The PEOPLE of the State of California, Plaintiff and Respondent, v. Herbert NEWTON, Defendant and Appellant.
Defendant appeals from conviction of rape of one Annie C. L. It was charged and impliedly found (after a non-jury trial) that defendant has sexual intercourse with Annie without her consent and against her will in that she was prevented from resisting by threats of great and immediate bodily harm accompanied by apparent power of execution. Pen.Code, § 261, subd. 4. Defendant in testifying admitted the fact of intercourse, but claimed that it was had with Annie's full consent and cooperation.
Appellant's first point is that the complaining witness' testimony was inherently improbable because ‘no act of sexual intercourse could have taken place if appellant and the complaining witness were in the respective positions testified to by the complaining witness.’ Examination of the transcript establishes that this claim is without substance, as the trial judge impliedly found. Appellant himself, while admitting the act, gives no postural account which differs from that of the complaining witness. What constitutes inherently improbable evidence is discussed in People v. Headlee, 18 Cal.2d 266, 267, 115 P.2d 427; People v. Stephens, 66 Cal.App.2d 755, 757, 152 P.2d 1019.
Annie testified that defendant choked and hit her and caused her to injure her knee immediately before the raping and that she was afraid to resist. Defendant denies this, but her story is in this respect supported by the testimony of her sister-in-law and the police, who saw the effects of the violence, which effects were photographed by the officers. The court is thus confronted with a substantial conflict in the evidence. The duty is imposed upon a reviewing court to ‘assume in favor of the verdict the existence of every fact which the jury could have reasonably deduced from the evidence.’ People v. Newland, 15 Cal.2d 678, 681, 104 P.2d 778, 780.
Appellant's next contention is that the court erred in sustaining an objection to the following question put to the complaining witness when under cross-examination: ‘Q. Now, Miss * * * on Thursday before this party did you go somewhere with the defendant and some other people and have a few drinks? A. That was Friday before the party. Q. Friday before the party. Where did you go?’ The rape occurred on Saturday night. This question, relating to an innocuous episode of Friday night, had no probative value and therefore sought to elicit immaterial matter. Defendant's attorney made no offer of proof and in his brief counsel concedes that ‘in the case at bar there is no showing by appellant that he intended to establish, by the cross-examination of the complaining witness, acts of unchastity on her part.’ This renders People v. Pantages, 212 Cal. 237, 262, 297 P. 890, inapplicable and appellant cites no authority to the effect that the ruling under consideration was erroneous. The contrary has been decided in People v. Mangum, 31 Cal.App.2d 374, 379, 382, 88 P.2d 207; People v. Burnette, 39 Cal.App.2d 215, 226, 102 P.2d 799; People v. Kuches, 120 Cal. 566, 570, 52 P. 1002.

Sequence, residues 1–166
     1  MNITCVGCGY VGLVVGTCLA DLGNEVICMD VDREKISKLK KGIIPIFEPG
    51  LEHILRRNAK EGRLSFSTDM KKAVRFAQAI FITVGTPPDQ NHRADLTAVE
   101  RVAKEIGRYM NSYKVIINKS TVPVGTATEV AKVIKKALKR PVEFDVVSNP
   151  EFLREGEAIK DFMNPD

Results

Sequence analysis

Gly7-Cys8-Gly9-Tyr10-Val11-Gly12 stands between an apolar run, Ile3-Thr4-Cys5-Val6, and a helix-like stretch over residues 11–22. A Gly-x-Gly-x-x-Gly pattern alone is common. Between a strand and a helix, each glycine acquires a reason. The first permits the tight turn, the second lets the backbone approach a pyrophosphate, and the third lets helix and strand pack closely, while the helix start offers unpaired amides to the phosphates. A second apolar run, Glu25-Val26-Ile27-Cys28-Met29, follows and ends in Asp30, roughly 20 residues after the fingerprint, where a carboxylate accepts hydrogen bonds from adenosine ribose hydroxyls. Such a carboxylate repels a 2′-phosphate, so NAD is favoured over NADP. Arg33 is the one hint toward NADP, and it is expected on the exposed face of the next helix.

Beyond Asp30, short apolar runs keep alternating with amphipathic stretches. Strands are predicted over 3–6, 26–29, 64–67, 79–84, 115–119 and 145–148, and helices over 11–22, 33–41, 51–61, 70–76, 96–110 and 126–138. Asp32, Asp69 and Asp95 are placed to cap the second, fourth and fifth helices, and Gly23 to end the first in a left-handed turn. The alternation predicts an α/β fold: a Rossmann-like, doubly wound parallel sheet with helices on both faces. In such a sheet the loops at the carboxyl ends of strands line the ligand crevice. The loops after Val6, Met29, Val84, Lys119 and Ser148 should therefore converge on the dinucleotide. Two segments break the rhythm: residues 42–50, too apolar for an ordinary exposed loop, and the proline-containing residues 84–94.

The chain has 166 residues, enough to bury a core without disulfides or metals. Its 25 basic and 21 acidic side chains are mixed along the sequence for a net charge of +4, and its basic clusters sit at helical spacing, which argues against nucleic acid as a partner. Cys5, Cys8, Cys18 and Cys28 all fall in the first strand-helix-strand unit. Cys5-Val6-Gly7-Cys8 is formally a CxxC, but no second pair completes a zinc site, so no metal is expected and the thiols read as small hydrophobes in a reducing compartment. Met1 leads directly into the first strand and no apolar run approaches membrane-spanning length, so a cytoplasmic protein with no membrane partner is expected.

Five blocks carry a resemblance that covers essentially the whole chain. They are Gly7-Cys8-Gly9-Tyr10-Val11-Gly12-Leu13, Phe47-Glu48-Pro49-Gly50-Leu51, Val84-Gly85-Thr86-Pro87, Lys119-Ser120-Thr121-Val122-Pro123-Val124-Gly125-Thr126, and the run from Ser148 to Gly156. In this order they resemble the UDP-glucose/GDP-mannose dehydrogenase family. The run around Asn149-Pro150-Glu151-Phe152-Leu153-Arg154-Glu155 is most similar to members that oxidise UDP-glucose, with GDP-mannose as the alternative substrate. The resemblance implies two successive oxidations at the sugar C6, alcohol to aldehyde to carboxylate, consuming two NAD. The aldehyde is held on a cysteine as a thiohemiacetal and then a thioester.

Lastly, appellant complains of rebuttal testimony of Police Sergeant Kudlac, saying it was mere reiteration of the People's main case, not proper rebuttal and prejudicial. In criminal cases, as in civil, the order of proof lies in the discretion of the trial judge. Pen.Code, § 1093, subd. 4; People v. Mehaffey, 32 Cal.2d 535, 547–548, 197 P.2d 12; People v. Griffin, 98 Cal.App.2d 1, 47, 219 P.2d 519. But the practice of permitting the prosecution to withhold a part of its case for use on rebuttal has been severely condemned. People v. Leach, 137 Cal.App. 753, 757, 31 P.2d 449; People v. Rodriguez, 58 Cal.App.2d 415, 419, 136 P.2d 626; People v. Avery, 35 Cal.2d 487, 491, 218 P.2d 527. In the Avery case the court said, 35 Cal.2d at page 491, 218 P.2d at page 530: ‘The practice of allowing the district attorney to withhold a part of his case in chief and to offer it after the defense had closed was properly condemned in People v. Rodriguez, 58 Cal.App.2d 415 at page 419, 136 P.2d 626. While the order of proof rests in the sound discretion of the trial court, Penal Code, sections 1093, subd. 4, 1094, an abuse of that discretion might well result from such practice.’ In People v. Rodriguez, supra, Mr. Presiding Justice Shinn said, 58 Cal.App.2d at page 419, 136 P.2d at page 628: ‘When the case of the People is closed and the defense is in, the remainder of the People's case is limited to evidence in rebuttal of that produced by the defense and should be so limited by the court, except where a proper showing is made for reopening the case in chief for the receipt of further evidence. The People have no right to withhold a material part of their evidence which could as well be used in their case in chief, for the sole purpose of using it in rebuttal. * * * The alleged confession was offered to establish facts constituting guilt; the impeachment feature was incidental and comparatively unimportant. It was no more proper for the District Attorney to offer the evidence as rebuttal after defendant's denial of the alleged statements, under the pretense that it was offered to impeach the defendant, than it would hve been to offer it than it would have been to offer it questioned about it at all. It makes no difference here that the testimony as to the confession, aside from being evidence of the fact of guilt, also tended to impeach the defendant.’